I am missing from formal medical education for doctors. There are a handful of doctors in the US who are interested in ME/CFS, and they go out of their way to learn all they can about the disease. But there is little for them to learn, because there is little research or research funding.

I am missing from the only treatment that has made any difference in my symptoms, because Medicare (or most insurance) does not cover Traditional Chinese Medicine, and I can’t afford to pay for it myself. In the 9 years I’ve been disabled, conventional medicine has had nothing to offer me, but herbal medicine made a big difference in my functioning and quality of life when my family and I were able to afford it. That time has come to an end, and so has my hope for recovery as long as the government continues to do nothing. Without government funding for research, large research studies aren’t going to happen and western medicine won’t have anything new to offer us.

I am not alone in any of this.

There are millions of us.

Millions just like me. Some are sicker than me and some are more functional, but all of us struggle to survive with this illness.

Millions dismissed and ignored by the government, medical and research systems.

We are not lazy. We are not crazy. We are not lacking moral fortitude or motivation. We are suffering terribly from an as-yet poorly understood neuroimmune disease. It acts like a neuroimmune disease, anyway. We’d have a better idea of what kind of disease it is if we could get more research going. There was a time when diabetics, people with MS and other invisible diseases that are now legitimized were also dismissed as psychosomatic. What led to legitimacy? Research. What leads to treatments? Research. What leads to research? Government funding.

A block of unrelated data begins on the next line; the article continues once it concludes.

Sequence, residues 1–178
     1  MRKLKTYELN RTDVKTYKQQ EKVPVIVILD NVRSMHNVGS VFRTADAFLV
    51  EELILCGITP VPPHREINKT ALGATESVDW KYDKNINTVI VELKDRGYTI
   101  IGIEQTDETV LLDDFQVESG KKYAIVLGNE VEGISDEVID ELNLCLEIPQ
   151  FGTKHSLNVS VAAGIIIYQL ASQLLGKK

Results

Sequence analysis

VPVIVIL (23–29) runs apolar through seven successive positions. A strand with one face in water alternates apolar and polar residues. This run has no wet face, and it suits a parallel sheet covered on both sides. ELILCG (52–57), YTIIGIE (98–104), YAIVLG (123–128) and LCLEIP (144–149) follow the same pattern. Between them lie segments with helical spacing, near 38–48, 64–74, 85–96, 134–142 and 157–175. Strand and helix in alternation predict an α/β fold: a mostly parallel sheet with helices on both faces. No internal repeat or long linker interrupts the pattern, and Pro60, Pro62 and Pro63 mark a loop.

We need help.

We are sick and tired of surviving, waiting for the government to get its act together and fund research into this disease. We want to LIVE, not just survive. We want to go back to work, or school, or hobbies, or out to eat, or out to a movie, or just have a day in which we don’t have to consider the sickening consequences of every single, tiny thing we do. We would love to have a day in which we could dress ourselves or fix a snack without worrying if we’ll have the energy to eat later. We would love to be able to take having the energy to get out of bed for granted.

Surviving in limbo is hard work.

We just want to LIVE.

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17 Responses to Brilliant Scientist Among the #MillionsMissing

  1. Thank you, Barb. I know from my own experience how much writing this article will have taken out of you. I salute you.

  2. Lynn Preis says:

    Thank you for such a thoughtful article. You have spoken for so many of us, and I admire your courage and strength.

  3. gg says:

    Not sure if Community Acupuncture is available in your area. Sorry for all your suffering, i am a patient as well, not as severe, but nonetheless harshly impacted!

  4. Angie says:

    Feeling for you about time something is done by government. You are bravew xx

  5. kathy d. says:

    Thank you for that very incisive description of what it’s like to live with ME/CFS. I can relate to a great deal of it. I write occasionally, but no one understands when I say I have to write everything down in my Word program, every fact, idea, source, quote because I won’t remember it. And only the repetition of typing and rereading it all makes it finally get into my brain where I can think.
    Friends can sit down and just write. I have to labor through everything for hours.
    I hope that you find some things to enjoy, movies, listening to music.
    I forget to listen to music and I get headaches sometimes from it and I grew up in a household where music was on all the time, and we sang together. So I understand that loss.
    I relate to a lot of what you are saying and thank you for saying it.
    I should bring your essay with me when I go to doctors’ appointments.